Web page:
Brushing aside the disappointment of the debut single failing to bring the commercial success that it merited attention soon turned to the band getting back into the studio to begin work on the debut album. It was felt by all concerned that continued work with Steve Severin represented the best chance of getting into the charts with the band still very much aimed at the indie end of the spectrum rather than all out pop music as can be evidenced by their next bit of vinyl.
It was May 1981 that A Day’s Wait was issued as a 7″ single. I recall hearing it for the first time on an evening show on the local commercial radio station and the highly popular DJ, who was spinning it in response to a request, being quite dismissive of it. I wasn’t sure of it myself initially as it didn’t quite have the same impact as the debut single but nevertheless bought a copy with some of the earnings from my paper round. It proved to be one of those 45s that, having taken five or six listens to get used to, but became a firm favourite as something in my brain and the sounds coming from my new stereo record player clicked.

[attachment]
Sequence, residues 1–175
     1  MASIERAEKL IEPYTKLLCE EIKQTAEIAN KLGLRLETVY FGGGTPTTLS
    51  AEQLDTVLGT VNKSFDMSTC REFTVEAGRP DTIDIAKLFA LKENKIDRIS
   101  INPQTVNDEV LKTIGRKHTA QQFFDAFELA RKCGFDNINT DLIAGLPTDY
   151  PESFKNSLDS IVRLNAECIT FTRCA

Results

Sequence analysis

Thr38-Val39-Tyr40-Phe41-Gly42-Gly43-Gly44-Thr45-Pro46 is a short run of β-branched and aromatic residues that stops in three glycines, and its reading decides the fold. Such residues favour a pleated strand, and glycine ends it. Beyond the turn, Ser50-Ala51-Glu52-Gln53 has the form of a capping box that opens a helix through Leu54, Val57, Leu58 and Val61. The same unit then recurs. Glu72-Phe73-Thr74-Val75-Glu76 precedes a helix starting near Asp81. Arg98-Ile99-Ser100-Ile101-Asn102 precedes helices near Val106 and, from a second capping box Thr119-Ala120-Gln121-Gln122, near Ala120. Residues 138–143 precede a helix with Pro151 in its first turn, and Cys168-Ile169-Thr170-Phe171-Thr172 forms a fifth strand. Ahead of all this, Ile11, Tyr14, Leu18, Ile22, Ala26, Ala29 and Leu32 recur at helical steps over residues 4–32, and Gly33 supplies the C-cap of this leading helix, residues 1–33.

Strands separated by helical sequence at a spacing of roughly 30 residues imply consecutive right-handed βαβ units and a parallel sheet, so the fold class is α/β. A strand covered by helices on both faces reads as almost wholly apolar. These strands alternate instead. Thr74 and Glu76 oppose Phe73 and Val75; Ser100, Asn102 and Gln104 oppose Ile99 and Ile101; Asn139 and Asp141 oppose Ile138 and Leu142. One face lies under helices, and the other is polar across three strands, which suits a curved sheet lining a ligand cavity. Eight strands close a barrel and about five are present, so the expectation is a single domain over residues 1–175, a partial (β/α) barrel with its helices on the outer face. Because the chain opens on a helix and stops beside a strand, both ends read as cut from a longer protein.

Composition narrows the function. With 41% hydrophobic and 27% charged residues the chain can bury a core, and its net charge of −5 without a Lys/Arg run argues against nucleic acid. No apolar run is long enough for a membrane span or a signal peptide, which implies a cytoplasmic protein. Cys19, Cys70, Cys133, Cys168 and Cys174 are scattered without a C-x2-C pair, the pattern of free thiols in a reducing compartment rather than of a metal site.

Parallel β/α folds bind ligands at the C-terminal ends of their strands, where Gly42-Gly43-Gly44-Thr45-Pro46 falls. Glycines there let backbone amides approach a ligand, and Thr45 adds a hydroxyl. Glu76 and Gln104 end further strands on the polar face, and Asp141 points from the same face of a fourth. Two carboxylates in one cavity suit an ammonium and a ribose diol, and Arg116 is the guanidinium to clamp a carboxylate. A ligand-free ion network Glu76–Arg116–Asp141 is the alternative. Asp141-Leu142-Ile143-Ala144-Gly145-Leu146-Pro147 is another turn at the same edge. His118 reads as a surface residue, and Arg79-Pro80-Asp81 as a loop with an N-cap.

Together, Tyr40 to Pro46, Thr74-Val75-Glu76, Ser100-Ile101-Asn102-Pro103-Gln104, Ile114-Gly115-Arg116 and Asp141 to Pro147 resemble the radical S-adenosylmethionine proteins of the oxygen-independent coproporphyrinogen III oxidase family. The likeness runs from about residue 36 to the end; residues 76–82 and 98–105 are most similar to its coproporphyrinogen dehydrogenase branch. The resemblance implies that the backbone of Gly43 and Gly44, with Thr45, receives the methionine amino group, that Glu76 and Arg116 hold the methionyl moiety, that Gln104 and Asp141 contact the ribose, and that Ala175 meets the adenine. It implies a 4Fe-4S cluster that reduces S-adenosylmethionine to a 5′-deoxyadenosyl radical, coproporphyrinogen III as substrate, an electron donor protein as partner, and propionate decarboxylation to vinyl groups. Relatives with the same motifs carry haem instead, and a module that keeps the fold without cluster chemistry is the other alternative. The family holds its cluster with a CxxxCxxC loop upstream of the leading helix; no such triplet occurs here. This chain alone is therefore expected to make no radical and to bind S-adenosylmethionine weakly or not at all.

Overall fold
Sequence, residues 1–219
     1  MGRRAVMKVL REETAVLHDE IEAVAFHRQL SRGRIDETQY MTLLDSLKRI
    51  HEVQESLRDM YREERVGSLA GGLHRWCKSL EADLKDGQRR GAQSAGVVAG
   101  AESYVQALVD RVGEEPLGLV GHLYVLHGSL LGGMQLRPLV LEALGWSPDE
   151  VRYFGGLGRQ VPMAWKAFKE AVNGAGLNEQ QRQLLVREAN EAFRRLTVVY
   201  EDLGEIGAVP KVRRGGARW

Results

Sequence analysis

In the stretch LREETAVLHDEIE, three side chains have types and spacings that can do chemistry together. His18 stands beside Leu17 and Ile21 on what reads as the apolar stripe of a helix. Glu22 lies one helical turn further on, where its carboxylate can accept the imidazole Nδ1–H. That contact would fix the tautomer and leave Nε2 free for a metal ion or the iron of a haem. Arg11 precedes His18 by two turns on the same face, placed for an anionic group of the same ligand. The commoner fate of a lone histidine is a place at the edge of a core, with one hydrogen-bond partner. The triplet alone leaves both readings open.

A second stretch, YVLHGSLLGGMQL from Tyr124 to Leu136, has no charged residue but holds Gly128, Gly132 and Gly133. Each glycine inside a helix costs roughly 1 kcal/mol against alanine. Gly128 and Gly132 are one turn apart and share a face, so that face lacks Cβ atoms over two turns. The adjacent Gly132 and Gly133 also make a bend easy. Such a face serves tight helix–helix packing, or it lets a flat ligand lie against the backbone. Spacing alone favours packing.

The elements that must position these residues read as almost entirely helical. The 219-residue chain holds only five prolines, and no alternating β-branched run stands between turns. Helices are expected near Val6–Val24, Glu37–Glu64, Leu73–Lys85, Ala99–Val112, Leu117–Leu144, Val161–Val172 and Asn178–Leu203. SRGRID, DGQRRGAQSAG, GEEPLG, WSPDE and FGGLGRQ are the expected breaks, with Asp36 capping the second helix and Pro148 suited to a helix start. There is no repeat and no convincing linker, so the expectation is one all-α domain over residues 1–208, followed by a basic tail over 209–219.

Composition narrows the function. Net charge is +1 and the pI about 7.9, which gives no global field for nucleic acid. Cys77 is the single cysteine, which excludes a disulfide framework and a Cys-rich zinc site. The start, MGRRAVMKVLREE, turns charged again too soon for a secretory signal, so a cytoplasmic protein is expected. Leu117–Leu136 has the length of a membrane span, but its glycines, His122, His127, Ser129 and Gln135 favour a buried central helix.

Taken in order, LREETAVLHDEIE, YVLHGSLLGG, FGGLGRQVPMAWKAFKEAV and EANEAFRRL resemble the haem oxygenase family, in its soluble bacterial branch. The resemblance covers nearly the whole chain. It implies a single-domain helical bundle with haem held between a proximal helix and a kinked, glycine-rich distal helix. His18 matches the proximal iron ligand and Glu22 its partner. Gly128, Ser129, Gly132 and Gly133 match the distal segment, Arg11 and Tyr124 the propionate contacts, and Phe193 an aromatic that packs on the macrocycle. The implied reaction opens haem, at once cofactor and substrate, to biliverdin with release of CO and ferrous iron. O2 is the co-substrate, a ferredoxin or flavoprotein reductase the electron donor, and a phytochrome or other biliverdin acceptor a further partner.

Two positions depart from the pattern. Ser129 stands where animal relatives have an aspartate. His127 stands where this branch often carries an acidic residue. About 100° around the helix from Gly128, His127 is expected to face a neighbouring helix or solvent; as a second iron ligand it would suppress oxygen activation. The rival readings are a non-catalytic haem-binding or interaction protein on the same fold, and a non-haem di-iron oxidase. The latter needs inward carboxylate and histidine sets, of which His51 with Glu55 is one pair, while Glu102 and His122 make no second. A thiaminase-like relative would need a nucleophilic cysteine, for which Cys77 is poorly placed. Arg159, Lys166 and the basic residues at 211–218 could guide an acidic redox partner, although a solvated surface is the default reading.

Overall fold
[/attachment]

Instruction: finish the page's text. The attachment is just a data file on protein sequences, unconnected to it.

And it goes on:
mp3 : Altered Images – A Day’s Wait
The problem was that most DJs had the same opinion as the commercial station bloke and the record received minimal airplay and disappeared off the radar all too quickly having generated ridiculously low sales. It was a worrying time for all concerned and was a contributing factor to the departure of founder member Gerard ‘Ceasar’ McInulty who was replaced on guitar duties by Jim McKinven.
The b-side was another unsettling Banshees type track:-
mp3 : Altered Images – Who Cares?
The band, just two flop singles in, were at a crossroads. Nobody could have predicted what happened next…